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8 DEET-Free Insect Repellents with Proven Ingredients

Summer vacation has been a blast but I could really do without the mosquitoes! August is particularly itchy here in the northeast and we haven’t been fairing well this year at all. Tiger mosquitoes? Whaaa?! I take solace in knowing the season is winding down for us. *Sad face* to those of you that are mid-season or deal with these relentless critters year-round. Part of my personal mosquito problem is that I never knew which insect repellents were “safe” to use, especially for my children. When I saw “DEET-free” popping up on labels, I assumed DEET was bad and should be avoided. I decided to research the subject should you be wondering the same.

Insect protection is legitimately complicated, much like sun protection. The problem simply is that chemicals, such as DEET, are the most effective and long-lasting way to repel insects. While the EPAThe American Academy of Pediatrics Committee on Environmental Health, and the CDC have all concluded that products containing some level of DEET are safe when used correctly for brief periods of time, no definitive studies exist about what concentration of DEET is safe for children or what the long term consequences of exposure are. CDC recommends DEET with maximum concentrations of 20-30% for children’s protection from Lyme disease borne by ticks. Health Canada recommends DEET with concentrations no greater than 5-10% for children, as does the Environmental Working Group. As a result, many parents, including myself, are conflicted about which products — the all-natural ones or those that contain DEET — are best for our families.

It is always a good idea to consult your pediatrician or family physician about product decisions, especially if you or your children have any special medical concerns that may be exasperated by topical treatments. It’s especially important to note that insect repellents are NOT recommended for infants under 6 months old. If exposed, they should be protected by fine netting. Also, no insect repellent, regardless of ingredients, is 100% effective. If ticks are a concern, take extra precaution by wearing pants, socks, and shoes, and checking for ticks daily.

If you live in an area plagued by the West Nile virus and/or Lyme disease, the general recommendation is to use a repellent with DEET because the benefits outweigh the risks. This article from Slate does a great job of explaining why you may want to choose a product with DEET over natural formulas. If you do, here are 10 EPA-approved insect repellents with varying concentrations of DEET to choose from and the Environment Working Group’s recommended concentration levels for children.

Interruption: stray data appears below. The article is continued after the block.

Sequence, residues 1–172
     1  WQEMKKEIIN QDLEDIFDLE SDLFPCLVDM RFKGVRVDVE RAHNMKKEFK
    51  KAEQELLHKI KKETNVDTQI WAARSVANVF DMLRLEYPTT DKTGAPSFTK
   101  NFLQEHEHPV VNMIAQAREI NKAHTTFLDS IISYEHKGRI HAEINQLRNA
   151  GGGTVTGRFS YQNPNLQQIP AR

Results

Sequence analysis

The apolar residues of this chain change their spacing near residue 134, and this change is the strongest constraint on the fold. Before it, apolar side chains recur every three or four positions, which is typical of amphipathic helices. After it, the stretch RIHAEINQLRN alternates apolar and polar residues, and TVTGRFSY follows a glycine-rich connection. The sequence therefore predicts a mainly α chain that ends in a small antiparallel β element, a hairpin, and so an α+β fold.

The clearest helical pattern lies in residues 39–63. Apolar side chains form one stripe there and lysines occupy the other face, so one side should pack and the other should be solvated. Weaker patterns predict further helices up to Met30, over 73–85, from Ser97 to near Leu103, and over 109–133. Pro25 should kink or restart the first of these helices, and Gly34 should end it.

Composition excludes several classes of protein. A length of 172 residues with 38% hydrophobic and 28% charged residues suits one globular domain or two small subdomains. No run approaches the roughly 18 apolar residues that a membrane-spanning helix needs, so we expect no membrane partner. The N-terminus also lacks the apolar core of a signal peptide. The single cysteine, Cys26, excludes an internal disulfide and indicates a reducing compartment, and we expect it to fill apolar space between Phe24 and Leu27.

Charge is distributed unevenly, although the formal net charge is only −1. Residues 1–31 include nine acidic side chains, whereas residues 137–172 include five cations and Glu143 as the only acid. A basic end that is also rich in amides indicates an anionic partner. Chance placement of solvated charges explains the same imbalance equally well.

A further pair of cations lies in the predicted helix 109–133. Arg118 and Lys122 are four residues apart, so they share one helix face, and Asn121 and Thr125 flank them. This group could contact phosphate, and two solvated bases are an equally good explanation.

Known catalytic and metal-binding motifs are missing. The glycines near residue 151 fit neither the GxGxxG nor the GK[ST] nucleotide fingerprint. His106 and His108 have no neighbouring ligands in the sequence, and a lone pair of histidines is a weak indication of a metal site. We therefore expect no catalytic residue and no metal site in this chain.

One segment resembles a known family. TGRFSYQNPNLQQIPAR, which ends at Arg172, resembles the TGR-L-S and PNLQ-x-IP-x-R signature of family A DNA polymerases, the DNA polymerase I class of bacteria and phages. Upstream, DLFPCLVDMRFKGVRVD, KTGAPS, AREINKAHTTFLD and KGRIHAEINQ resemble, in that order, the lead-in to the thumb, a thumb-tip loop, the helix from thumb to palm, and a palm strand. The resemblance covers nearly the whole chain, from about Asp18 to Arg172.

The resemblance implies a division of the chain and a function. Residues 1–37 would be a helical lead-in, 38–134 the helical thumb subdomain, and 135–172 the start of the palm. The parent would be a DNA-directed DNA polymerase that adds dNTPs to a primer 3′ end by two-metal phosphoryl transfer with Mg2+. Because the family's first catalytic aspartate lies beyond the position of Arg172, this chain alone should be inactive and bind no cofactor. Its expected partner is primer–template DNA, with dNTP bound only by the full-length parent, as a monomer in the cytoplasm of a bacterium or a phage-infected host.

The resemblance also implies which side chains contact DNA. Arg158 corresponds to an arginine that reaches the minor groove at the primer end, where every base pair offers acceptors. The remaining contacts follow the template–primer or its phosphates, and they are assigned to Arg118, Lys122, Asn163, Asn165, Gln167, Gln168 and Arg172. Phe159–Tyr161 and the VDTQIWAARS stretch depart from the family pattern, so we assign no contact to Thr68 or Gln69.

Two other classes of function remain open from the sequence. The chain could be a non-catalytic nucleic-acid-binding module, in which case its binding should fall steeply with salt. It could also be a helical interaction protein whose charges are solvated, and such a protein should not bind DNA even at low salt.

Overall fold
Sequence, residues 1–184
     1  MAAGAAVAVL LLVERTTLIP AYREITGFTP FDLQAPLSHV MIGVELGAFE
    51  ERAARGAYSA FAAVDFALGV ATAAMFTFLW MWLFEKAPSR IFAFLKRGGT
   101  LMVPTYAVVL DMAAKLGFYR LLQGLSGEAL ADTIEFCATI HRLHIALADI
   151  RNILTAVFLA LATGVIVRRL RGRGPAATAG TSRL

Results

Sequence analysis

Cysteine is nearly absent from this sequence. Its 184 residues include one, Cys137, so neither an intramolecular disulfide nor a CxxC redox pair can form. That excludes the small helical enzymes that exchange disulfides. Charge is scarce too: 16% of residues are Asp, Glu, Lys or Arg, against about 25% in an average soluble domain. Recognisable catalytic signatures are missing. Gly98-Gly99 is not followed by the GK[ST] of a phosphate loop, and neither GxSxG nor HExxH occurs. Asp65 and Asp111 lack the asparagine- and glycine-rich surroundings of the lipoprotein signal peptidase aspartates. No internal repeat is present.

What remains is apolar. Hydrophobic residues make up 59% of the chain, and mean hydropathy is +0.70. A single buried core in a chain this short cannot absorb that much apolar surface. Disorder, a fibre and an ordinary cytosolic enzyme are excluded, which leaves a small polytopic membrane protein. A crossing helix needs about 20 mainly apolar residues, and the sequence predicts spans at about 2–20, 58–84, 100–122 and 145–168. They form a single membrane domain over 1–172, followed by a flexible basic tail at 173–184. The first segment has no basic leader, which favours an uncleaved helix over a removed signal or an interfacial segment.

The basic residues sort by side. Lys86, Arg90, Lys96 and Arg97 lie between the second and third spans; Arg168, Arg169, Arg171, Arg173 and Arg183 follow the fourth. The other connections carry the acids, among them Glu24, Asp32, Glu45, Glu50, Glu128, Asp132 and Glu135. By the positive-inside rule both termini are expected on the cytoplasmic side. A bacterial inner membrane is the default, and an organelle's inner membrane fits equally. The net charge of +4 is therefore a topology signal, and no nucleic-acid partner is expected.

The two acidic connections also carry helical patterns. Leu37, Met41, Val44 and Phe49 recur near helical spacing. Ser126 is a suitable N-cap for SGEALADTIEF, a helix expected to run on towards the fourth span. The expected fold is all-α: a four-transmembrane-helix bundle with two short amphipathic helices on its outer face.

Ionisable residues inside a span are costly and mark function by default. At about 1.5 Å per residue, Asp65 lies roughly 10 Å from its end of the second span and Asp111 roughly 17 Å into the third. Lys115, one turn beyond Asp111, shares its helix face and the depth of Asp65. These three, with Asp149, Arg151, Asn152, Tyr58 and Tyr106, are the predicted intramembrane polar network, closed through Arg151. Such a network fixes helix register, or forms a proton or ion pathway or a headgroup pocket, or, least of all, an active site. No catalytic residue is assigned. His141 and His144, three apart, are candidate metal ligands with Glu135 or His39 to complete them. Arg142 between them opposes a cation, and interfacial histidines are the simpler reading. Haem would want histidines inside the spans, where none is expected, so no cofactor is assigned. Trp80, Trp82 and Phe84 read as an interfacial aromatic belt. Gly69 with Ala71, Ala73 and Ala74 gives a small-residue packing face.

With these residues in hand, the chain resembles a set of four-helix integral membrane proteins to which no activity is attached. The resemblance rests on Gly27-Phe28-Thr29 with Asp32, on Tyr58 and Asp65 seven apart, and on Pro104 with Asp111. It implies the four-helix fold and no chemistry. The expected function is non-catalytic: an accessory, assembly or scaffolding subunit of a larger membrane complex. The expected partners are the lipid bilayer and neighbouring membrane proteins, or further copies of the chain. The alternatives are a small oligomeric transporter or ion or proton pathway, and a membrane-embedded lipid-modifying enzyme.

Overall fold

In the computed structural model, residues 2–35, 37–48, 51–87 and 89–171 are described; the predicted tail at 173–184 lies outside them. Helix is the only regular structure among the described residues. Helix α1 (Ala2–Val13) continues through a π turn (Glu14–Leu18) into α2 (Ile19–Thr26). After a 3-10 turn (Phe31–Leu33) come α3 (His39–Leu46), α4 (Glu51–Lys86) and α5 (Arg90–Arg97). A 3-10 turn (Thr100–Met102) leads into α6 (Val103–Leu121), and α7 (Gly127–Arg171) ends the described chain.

There are several proven alternatives to DEET that have been reported to be just as effective at controlling some insect bites, with less risks and potential for irritation: PicaridinIR3535lemon eucalyptus oil, and PMDCDC advises not to use oil of lemon eucalyptus or PMD on children under 3. Picaridin is most recommended for those with sensitive skin. *All other natural repellents like catnip, peppermint oil, and citronella have been disproved as effective, particularly for long wear. As with sunscreen, aerosol spray repellents are discouraged due to the risk of inhalation.

In an effort to guide you in your search for the right insect repellent for your family, I’ve rounded up 8 affordable DEET-free insect repellents with proven ingredients at recommended levels, to help limit your exposure to potentially toxic chemicals for use in areas with low risk of disease-carrying insects. Again, if you need added protection and are unsure which formula to choose, consult your physician or pediatrician for recommendations!

  • 8 Highly Effective DEET-Free Insect Repellents 1 of 9
    8 DEET-Free Insect Repellents with Proven-Effective Ingredients

    Click through for 8 affordable DEET-free insect repellents with proven ingredients at recommended levels --->

  • SKIN SO SOFT Bug Guard Plus Picaridin Pump Spray, $14 2 of 9
    PROD_1029448_XL

    This is what I use. It has Picaridin 10.0% and smells great. Works like a charm when I remember to put it on.

    Get it here.

  • Cutter Advanced Insect Repellent, $4 3 of 9
    Cutter

    Effective, dependable insect protection without any odor. I like that, especially for kids. Picaridin 7.0%.

    Get it here.

  • Off! Skintastic Insect Repellent $6 4 of 9
    OFF-FamilyCare-Insect-Repellent-II-Clean-Feel

    Not oily or greasy like all-natural formulas with oils. Contains 5% Picaridin.

    Get it here.

  • Sawyer Picaridin Premium Insect Repellent Spray, $8 5 of 9
    Sawyer

    A similar effect to DEET, yet safer chemically. 20% Picaridin. It's virtually odorless with a mild citrus scent that quickly evaporates when dry.

    Get it here.

  • Natrapel 1oz Pump, $4 6 of 9
    Natrapel

    1oz. size is great for packs, purses, or pockets. 20% Picaridin formula.

    Get it here.

  • Repel Lemon Eucalyptus Insect Repellent Pump Spray, $13 7 of 9
    Repel

    Not for children under 3 years of age. Effective, plant-based insect protection won't stain or damage fabrics or surfaces. Contains 40% oil of lemon eucalyptus. Beware of strong odor.

    Get it here.

  • OFF! Botanicals Insect Repellent, $13 8 of 9
    Off Botanical

    Not for children under 3 years of age. Plant-based repellent lotion that contains 10% PMD. Great if you don't like sprays.

    Get it here.

  • Cutter Lemon Eucalyptus Insect Repellent Pump Spray, $5 9 of 9
    Cutter Lemon

    Not for children under 3 years of age. Contains 30% oil of lemon eucalyptus. Highly-rated by Amazon users.

    Get it here.

 

More from Jill Seiman of Glamamom on Babble Beauty this month:

 

 

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